Belfast Telegraph

Happy birthday BBC Spotlight, a truly shining example of TV journalism

Fortieth birthday bashes are always a time of trepidation. Imagine the stress making sure the invites are out, the canapes are ordered. Or the creep of existential bleakness as people blandly reassure you that it's "just a number", or "life begins at".

And then contemplate, with horror, being asked to put together a slide-show of your own life for all the guests. And then contemplate the guests' horror, and then go back to bed and bury your head in the duvet for another 40 years.

Okay, so in TV land, where every conceivable milestone is an opportunity to self-mythologise, it's completely different (there's no canapes, for starters).

But, really, on the week of another blacker anniversary, Spotlight's 40th was a well-deserved 60-minute 'selfie' from BBC Northern Ireland's flagship (for which read 'only') oasis of TV investigative journalism. And as with most lives well lived, the slide-show wasn't actually half bad.

It all began to whacky 70s credits and theme tune in October 1973. For sheer longevity, if not always content, Spotlight has since run as a televisual analogue to our bloody, shabby and bizarre recent history.

I'd forgotten how many subsequent big cats of the national newsroom had cut their teeth on Spotlight. The likes of Jeremy 'Paxo' Paxman, Gavin Esler and Alex Thompson may have blooded themselves in preparation for their 'grown-up' careers behind a newsdesk in London, but the interesting thing was just how animated they all were about their time spent pounding the streets here.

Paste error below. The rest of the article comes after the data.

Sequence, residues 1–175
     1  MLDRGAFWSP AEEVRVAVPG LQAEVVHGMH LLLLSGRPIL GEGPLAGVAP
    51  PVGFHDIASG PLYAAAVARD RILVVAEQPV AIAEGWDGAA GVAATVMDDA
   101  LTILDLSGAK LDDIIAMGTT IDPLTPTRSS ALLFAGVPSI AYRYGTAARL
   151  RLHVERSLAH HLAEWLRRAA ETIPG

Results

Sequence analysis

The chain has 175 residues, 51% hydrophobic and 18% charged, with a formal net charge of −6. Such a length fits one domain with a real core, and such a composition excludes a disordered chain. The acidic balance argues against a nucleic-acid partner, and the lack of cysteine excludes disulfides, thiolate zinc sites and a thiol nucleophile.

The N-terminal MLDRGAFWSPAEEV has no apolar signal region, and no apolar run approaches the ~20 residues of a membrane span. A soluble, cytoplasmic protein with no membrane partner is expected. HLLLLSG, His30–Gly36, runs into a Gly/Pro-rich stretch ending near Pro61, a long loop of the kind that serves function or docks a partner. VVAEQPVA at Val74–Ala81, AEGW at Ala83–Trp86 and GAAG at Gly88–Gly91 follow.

But it hasn't always been about grainy footage of Saracens on rubble-strewn streets, badly dubbed Sinn Feiners, or secret meetings with INLA leaders.

It's now dark political chicanery and financial irregularity, or as political commentator Newton Emerson put it, they'd require fewer paramilitary experts and more accountants to get to the heart of the matter these days. And with a programme that's become so etched into our televisual landscape, everybody has their fave Spotlight moment.

My own? Ooh, too many to mention. Oh, go on then.

Kirk McCambleywamnblyramley and Iris-gate was a cracking exposé and an excruciating interview. Or how about the Red Sky affair, wherein a Minister of State kept his job only because the state happened to be Northern Ireland.

Exposing Gerry Kelly and Brian Keenan as IRA top brass following the Canary Wharf bombings was bold. And who can forget the council junket to Spain where Fred 'Kurt' Cobain awkwardly admitted to having taken a freebie to Barcelona at ratepayers' expense.

But perhaps best of all was the nuclear bomb one. Where the Spotlight team played out a scenario where population centres such as Coleraine, Ballyclare, Crossgar, Aughnacloy and Eniskillen posed a strategic threat to the Soviets... for "reasons uncertain".

In short, it wasn't the marquee names they wheeled out for this anniversary that made you realise the impact of Spotlight, it was the programmes themselves, the sheer variety, the important journalism that went on in extraordinary circumstances and a sense of fearlessness that marked its ethos.

Like most investigative journalism, however, it may not have directly affected change in our society over the decades, but it's always been there; the awkward friend who doesn't mind asking those questions to all those people we'd love to, but daren't.

Here's to another 40 years of bothering power, p***ks and politicians... and maybe a special on uncovering the al-Qaida threat in Magherafelt.

Belfast Telegraph

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